With the best part of a day in central London at my disposal (before moving on to Hong Kong), I had initially planned on basing myself in the South Kensington area and visiting both the Natural History Museum and Victoria and Albert Museum. As things turned out, the Natural History Museum was just too interesting and I spent several hours exploring it quite thoroughly. The place was overrun with school groups from the minute the doors opened in the morning, giving me valuable insight into what kids are interested in doing in museums (showing off to other kids, followed by finding gruesome or unusual exhibits, followed by whacking all buttons on an interactive display simultaneously).
Left: Charles Darwin. Below, left to right: Thomas Henry Huxley, Joseph Banks, Paracyclotosaurs davidi, giant ground sloth (Glossotherium robustum).
Given lots of time to poke around the less-visited sections of the museum, I was rather hoping to find a forgotten door or access tunnel to a non-public area (cf. Dry Store Room No. 1). However, the staff have been quite vigilant and all forbidden areas are effectively labelled as such (though from the sheer volume of staff going in and out of them, tailgating would be sheer simplicity). Unfortunately, the main stuffed mammals gallery was closed for redevelopment (possibly for the mounting of the Thames Whale skeleton) but the rest of the animal kingdom compensated more than enough. The daily talk (kind of a “meet the scientist” series) was about human evolution in Africa’s Great Rift Valley, complete with pass-around replicas of the most important skulls and gorgeous pictures of Kenya.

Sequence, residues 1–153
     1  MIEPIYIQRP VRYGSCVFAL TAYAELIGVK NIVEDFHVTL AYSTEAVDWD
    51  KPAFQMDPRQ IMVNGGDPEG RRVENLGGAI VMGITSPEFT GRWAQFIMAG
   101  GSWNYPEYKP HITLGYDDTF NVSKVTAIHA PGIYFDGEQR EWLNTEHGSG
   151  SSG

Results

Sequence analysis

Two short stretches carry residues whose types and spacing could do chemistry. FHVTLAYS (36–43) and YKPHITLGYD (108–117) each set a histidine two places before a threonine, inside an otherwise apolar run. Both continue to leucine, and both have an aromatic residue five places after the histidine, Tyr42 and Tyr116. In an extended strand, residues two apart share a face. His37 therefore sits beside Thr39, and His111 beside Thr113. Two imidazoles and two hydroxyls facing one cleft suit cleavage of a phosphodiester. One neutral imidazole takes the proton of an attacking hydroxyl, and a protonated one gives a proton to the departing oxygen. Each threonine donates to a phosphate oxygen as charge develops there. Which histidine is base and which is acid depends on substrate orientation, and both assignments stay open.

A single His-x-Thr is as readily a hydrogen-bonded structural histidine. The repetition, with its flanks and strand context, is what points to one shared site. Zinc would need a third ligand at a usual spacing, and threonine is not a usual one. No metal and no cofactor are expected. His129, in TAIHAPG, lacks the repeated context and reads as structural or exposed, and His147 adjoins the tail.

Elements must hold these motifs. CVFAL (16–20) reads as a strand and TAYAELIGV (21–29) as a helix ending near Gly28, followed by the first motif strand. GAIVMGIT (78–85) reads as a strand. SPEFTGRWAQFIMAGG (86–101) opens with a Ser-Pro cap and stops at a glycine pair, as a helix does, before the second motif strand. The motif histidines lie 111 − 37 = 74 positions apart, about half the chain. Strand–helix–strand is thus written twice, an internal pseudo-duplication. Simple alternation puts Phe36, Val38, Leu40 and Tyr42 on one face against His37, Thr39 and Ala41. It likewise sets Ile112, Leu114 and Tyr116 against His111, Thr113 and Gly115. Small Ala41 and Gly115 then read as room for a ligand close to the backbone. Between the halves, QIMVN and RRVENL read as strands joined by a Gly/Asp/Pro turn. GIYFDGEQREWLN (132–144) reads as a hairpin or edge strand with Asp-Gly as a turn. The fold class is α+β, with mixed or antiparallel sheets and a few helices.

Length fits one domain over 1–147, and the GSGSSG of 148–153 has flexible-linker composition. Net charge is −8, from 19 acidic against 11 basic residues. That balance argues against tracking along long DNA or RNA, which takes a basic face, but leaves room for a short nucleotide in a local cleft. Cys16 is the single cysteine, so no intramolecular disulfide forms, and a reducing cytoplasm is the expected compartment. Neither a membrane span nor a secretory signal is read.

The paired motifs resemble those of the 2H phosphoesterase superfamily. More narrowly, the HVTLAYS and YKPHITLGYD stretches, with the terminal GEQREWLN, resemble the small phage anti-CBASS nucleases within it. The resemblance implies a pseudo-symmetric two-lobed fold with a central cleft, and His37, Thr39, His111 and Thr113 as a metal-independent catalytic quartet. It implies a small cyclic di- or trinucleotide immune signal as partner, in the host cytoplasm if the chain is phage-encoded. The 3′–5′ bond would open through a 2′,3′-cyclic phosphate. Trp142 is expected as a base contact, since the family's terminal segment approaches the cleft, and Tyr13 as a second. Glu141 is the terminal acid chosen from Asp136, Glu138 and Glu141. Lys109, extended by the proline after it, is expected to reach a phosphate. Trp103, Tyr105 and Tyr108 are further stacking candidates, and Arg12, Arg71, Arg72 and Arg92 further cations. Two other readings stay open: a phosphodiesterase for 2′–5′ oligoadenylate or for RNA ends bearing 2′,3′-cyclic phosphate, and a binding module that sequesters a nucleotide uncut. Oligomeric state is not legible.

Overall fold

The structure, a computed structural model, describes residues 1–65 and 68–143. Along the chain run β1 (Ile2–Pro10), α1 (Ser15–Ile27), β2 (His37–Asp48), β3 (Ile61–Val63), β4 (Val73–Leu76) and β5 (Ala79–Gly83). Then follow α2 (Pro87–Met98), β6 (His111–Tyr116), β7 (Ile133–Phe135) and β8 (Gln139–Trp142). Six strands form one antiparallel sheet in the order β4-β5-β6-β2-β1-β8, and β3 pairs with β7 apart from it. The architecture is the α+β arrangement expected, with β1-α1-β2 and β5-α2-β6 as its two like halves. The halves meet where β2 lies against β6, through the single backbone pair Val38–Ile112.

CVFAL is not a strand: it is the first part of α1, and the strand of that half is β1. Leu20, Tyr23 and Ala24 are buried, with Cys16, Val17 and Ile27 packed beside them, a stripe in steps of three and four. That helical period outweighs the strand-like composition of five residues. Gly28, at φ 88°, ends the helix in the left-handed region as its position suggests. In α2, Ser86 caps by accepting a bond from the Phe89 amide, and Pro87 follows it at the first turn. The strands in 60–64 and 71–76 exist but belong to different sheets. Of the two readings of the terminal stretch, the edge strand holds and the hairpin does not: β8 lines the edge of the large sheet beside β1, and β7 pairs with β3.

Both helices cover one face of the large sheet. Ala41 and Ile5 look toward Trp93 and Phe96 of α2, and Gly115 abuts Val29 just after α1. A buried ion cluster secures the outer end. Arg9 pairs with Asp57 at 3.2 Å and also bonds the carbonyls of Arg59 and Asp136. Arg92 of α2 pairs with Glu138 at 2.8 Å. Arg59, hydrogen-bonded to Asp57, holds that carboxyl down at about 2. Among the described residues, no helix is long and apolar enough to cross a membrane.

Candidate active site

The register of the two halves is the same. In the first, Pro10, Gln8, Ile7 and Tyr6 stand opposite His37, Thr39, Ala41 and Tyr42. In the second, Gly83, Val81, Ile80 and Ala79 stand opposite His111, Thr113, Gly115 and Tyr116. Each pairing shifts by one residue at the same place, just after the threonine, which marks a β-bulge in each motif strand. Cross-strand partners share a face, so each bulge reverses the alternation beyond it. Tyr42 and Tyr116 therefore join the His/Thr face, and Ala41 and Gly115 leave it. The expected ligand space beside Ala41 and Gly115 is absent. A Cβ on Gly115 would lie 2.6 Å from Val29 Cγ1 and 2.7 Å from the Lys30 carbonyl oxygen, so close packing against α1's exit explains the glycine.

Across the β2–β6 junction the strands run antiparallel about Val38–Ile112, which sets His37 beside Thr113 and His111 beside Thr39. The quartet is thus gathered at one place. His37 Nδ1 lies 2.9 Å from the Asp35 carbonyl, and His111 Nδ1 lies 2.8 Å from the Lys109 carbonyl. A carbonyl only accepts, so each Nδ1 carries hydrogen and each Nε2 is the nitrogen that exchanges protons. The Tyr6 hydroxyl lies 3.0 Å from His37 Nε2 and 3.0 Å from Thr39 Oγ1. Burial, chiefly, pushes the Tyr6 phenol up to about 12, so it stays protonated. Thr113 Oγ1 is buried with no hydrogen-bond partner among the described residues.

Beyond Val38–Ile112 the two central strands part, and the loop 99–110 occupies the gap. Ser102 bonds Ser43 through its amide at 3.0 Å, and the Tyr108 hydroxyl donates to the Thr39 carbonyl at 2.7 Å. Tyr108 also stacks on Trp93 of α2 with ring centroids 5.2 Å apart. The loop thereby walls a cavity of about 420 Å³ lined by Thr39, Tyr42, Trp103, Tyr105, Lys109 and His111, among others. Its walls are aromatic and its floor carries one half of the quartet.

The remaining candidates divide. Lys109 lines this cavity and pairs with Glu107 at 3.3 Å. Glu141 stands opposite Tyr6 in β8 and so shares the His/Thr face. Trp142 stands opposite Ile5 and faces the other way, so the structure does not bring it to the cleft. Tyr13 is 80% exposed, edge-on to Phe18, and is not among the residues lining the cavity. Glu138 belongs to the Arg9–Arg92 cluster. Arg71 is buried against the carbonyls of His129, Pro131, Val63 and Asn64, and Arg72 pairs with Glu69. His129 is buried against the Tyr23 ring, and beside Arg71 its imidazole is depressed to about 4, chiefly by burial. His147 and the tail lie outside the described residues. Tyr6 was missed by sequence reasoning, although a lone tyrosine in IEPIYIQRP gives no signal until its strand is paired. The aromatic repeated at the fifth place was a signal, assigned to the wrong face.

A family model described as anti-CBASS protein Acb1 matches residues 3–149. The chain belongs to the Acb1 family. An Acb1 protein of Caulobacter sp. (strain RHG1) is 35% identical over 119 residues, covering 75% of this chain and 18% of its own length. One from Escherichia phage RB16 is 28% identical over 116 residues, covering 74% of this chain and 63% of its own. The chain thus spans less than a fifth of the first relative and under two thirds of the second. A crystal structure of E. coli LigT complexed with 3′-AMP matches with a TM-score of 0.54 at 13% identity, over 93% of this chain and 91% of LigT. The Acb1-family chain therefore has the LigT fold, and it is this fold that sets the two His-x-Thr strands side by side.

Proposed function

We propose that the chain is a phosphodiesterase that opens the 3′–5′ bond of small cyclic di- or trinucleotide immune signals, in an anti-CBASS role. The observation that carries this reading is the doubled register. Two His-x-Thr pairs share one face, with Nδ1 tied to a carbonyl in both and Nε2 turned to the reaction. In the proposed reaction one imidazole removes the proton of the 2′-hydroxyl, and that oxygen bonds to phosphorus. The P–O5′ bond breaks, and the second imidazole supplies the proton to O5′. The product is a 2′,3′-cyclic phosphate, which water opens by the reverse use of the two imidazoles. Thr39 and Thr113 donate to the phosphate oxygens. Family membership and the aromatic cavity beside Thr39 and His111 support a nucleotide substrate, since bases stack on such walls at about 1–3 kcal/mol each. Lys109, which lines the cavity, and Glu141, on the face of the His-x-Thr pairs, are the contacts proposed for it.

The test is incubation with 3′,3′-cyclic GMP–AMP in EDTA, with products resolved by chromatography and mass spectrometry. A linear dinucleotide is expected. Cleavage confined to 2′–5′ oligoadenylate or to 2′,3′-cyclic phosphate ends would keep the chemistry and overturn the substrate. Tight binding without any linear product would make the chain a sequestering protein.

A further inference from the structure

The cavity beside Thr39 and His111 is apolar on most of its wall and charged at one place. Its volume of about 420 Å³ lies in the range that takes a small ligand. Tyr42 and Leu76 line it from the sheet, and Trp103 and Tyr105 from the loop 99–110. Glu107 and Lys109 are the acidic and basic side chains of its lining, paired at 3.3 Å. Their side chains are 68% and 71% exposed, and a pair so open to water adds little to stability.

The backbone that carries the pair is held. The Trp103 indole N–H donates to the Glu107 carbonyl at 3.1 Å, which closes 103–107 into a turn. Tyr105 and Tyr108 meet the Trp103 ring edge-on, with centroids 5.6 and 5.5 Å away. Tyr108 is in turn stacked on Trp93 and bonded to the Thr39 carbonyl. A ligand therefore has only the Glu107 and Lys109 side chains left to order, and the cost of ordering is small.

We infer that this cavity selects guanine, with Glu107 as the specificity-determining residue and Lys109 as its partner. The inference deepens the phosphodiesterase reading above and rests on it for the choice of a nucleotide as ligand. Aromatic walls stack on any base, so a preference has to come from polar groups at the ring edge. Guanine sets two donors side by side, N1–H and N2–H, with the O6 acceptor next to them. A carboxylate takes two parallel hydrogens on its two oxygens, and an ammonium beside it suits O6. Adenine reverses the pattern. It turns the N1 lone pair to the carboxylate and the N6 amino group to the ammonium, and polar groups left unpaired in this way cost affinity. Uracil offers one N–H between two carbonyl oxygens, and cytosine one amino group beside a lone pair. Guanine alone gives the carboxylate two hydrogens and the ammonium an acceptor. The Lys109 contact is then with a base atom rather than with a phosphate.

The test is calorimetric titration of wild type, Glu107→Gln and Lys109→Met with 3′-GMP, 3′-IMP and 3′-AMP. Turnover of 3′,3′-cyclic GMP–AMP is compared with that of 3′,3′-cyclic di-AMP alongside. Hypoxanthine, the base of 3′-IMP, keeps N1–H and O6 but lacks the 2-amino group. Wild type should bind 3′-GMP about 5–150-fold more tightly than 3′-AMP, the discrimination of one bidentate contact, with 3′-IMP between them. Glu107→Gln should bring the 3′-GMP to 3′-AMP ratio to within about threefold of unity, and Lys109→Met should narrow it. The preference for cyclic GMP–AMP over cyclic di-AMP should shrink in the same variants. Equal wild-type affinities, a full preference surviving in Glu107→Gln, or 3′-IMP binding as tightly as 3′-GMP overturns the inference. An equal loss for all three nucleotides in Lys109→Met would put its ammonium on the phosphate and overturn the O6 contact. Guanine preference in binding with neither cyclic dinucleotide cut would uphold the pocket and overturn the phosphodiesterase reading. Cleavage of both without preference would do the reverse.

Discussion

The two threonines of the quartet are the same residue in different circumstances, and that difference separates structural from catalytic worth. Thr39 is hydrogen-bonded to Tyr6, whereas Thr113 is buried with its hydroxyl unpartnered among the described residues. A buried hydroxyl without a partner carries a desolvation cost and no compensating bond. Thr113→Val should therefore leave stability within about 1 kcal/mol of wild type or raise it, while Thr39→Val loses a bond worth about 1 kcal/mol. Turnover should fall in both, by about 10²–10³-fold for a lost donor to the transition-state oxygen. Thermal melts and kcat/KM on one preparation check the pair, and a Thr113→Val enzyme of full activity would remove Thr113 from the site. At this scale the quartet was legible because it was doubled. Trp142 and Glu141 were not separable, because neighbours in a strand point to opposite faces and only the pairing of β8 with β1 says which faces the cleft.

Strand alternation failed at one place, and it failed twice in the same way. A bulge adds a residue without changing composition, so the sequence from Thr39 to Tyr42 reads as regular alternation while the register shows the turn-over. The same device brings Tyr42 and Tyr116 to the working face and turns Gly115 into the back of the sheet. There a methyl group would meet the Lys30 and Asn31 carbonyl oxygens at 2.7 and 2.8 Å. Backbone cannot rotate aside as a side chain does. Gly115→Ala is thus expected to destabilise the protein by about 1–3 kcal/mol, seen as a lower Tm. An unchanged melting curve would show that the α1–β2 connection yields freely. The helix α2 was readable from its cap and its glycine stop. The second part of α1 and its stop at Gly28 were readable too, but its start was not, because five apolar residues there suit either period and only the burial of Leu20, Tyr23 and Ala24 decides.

Left: Long-horned beetle (Callipogon armilatum). Below, left to right: Sabre-toothed cat, giant golden mole (Chrysospalax trevelyani), leafcutter ants, monkey and giant sequoia (Sequoiadendron giganteum).
Finally, I took my third tour of the Darwin Centre‘s wet collections – thousands upon thousands of specimens preserved in spirits (ethanol, methanol or formaldehyde) used as a research resource. Only a few are on public display, the vast majority being sequestered behind fireproof doors in chilled rooms, but they are always impressive. Notable items include most of the samples collected on the second voyage of HMS Beagle (following which Darwin developed his theory of evolution by natural selection), a coelacanth (Latimeria chalumnae; a species thought extinct until one was fished up in 1938) and a complete giant squid (Architeuthis spp.; there would also have been a colossal squid, Mesonychoteuthis hamiltoni, but it broke apart during hauling-in and everything except the head was lost).
Left: Lesser spotted dogfish (Scyliorhinus canicula). Below, left to right: Red fox (Vulpes vulpes), Pencil-spine urchin (Cidaris cidaris), starfish (Astropecten aurautiacus).